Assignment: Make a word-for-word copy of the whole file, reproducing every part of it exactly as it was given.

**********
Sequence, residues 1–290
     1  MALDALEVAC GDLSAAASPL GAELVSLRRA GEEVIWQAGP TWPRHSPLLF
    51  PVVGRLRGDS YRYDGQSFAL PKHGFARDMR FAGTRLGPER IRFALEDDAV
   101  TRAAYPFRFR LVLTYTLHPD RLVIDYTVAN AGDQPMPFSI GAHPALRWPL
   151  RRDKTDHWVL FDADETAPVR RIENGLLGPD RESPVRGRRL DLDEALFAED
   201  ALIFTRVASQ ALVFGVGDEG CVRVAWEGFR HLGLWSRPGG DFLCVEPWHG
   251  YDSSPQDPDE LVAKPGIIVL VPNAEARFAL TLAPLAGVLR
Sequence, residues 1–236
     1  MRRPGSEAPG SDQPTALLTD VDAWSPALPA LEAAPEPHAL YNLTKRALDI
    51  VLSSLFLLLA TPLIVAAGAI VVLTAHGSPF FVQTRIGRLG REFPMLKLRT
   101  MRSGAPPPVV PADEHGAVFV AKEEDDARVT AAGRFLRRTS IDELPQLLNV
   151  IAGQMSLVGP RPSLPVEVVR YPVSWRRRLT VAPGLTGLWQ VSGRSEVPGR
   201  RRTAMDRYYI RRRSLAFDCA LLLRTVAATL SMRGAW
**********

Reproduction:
Sequence, residues 1–290
     1  MALDALEVAC GDLSAAASPL GAELVSLRRA GEEVIWQAGP TWPRHSPLLF
    51  PVVGRLRGDS YRYDGQSFAL PKHGFARDMR FAGTRLGPER IRFALEDDAV
   101  TRAAYPFRFR LVLTYTLHPD RLVIDYTVAN AGDQPMPFSI GAHPALRWPL
   151  RRDKTDHWVL FDADETAPVR RIENGLLGPD RESPVRGRRL DLDEALFAED
   201  ALIFTRVASQ ALVFGVGDEG CVRVAWEGFR HLGLWSRPGG DFLCVEPWHG
   251  YDSSPQDPDE LVAKPGIIVL VPNAEARFAL TLAPLAGVLR
Sequence, residues 1–236
     1  MRRPGSEAPG SDQPTALLTD VDAWSPALPA LEAAPEPHAL YNLTKRALDI
    51  VLSSLFLLLA TPLIVAAGAI VVLTAHGSPF FVQTRIGRLG REFPMLKLRT
   101  MRSGAPPPVV PADEHGAVFV AKEEDDARVT AAGRFLRRTS IDELPQLLNV
   151  IAGQMSLVGP RPSLPVEVVR YPVSWRRRLT VAPGLTGLWQ VSGRSEVPGR
   201  RRTAMDRYYI RRRSLAFDCA LLLRTVAATL SMRGAW